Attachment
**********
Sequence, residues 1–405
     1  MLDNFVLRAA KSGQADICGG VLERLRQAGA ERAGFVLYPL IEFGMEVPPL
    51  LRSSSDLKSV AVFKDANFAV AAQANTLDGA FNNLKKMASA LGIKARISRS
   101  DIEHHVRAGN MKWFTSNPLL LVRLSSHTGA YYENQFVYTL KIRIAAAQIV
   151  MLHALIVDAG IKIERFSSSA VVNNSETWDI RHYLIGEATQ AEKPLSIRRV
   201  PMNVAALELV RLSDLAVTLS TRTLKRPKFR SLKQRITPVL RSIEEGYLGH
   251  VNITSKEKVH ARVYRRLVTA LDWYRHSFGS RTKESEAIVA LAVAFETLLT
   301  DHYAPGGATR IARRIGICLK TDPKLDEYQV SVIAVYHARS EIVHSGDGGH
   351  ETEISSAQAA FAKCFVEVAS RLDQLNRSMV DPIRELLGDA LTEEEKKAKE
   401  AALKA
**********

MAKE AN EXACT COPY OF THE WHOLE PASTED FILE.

Sequence, residues 1–405
     1  MLDNFVLRAA KSGQADICGG VLERLRQAGA ERAGFVLYPL IEFGMEVPPL
    51  LRSSSDLKSV AVFKDANFAV AAQANTLDGA FNNLKKMASA LGIKARISRS
   101  DIEHHVRAGN MKWFTSNPLL LVRLSSHTGA YYENQFVYTL KIRIAAAQIV
   151  MLHALIVDAG IKIERFSSSA VVNNSETWDI RHYLIGEATQ AEKPLSIRRV
   201  PMNVAALELV RLSDLAVTLS TRTLKRPKFR SLKQRITPVL RSIEEGYLGH
   251  VNITSKEKVH ARVYRRLVTA LDWYRHSFGS RTKESEAIVA LAVAFETLLT
   301  DHYAPGGATR IARRIGICLK TDPKLDEYQV SVIAVYHARS EIVHSGDGGH
   351  ETEISSAQAA FAKCFVEVAS RLDQLNRSMV DPIRELLGDA LTEEEKKAKE
   401  AALKA